Vocalizations produced in the second year of life in response to speaking and singing

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We compared infants’ vocalizations produced both in singing and speaking conditions. In this study we collected the vocalizations of 12 infants aged between 12 and 24 months. Each 30-minute session integrated two stimulus conditions – speaking and singing. An acoustic analysis was developed in order to measure both segmental properties and melodic and rhythmic features. The results showed significant differences in the vocalizations to which the two stimulus conditions gave rise: in the duration of the vocalizations and the duration of the phonation, the number of nuclei and the duration of each nucleus present in the vocalizations. In particular, the greater extension of vowels in vocalizations in response to the singing condition seems to be distinctive from those produced in response to the speaking condition. This may reveal that there is a precocious distinction between the singing voice and the speaking voice. The acoustic analysis that we used shows promise in monitoring children’s sequential singing development from early infancy onwards.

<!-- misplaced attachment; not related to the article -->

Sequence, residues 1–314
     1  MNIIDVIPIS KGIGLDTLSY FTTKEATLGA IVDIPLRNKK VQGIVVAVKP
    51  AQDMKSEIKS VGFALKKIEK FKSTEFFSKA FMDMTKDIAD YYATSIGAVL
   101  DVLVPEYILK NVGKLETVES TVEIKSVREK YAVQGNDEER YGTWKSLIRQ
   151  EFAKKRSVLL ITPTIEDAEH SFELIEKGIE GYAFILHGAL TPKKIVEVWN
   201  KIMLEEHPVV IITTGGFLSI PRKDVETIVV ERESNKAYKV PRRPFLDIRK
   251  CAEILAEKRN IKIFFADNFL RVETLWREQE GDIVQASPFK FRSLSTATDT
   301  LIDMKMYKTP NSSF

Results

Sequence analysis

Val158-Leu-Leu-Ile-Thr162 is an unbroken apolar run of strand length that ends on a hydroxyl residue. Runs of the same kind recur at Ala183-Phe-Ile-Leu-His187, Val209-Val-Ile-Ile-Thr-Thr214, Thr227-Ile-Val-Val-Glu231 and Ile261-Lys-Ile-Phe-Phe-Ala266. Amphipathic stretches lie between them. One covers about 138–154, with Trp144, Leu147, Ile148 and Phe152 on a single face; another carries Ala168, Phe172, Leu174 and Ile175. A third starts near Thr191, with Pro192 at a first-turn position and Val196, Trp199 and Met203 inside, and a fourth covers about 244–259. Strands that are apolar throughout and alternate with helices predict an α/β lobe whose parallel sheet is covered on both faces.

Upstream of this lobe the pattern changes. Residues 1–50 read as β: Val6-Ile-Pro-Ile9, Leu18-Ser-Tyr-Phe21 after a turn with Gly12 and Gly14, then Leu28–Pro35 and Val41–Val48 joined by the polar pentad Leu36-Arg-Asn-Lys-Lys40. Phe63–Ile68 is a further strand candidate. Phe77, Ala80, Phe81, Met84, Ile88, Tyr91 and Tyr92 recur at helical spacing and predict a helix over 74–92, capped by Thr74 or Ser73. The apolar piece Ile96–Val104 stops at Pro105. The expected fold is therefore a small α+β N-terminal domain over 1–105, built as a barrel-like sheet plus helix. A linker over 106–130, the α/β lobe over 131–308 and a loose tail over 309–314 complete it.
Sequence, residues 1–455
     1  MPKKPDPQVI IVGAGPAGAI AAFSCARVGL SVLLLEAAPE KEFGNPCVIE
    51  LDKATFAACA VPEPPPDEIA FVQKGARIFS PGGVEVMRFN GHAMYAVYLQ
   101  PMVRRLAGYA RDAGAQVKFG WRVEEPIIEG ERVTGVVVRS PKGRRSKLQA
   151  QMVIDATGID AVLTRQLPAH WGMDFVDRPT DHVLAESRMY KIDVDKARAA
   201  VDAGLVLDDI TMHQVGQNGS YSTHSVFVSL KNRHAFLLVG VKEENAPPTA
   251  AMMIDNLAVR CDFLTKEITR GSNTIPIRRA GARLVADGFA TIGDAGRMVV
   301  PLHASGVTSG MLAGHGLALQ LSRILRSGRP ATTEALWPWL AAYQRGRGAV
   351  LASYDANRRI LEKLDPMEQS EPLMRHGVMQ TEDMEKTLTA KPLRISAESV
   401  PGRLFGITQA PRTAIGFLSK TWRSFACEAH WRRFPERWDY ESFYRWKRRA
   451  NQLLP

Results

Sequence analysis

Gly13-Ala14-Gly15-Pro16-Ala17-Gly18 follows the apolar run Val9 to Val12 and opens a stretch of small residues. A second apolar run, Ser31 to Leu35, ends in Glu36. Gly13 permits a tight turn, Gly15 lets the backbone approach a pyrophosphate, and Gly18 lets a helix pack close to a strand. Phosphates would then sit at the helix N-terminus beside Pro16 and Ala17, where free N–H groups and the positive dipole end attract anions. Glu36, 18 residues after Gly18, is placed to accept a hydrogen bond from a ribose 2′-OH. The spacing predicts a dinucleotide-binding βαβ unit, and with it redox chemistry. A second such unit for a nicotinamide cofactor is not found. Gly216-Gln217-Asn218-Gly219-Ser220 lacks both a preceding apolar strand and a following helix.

Original languageEnglish
Pages (from-to)1-12
Number of pages12
JournalPsychology Of Music
Issue number5
Publication statusPublished - 1 Sept 2018


  • Acoustics
  • Early childhood
  • Infants
  • Singing
  • Speech
  • Voice


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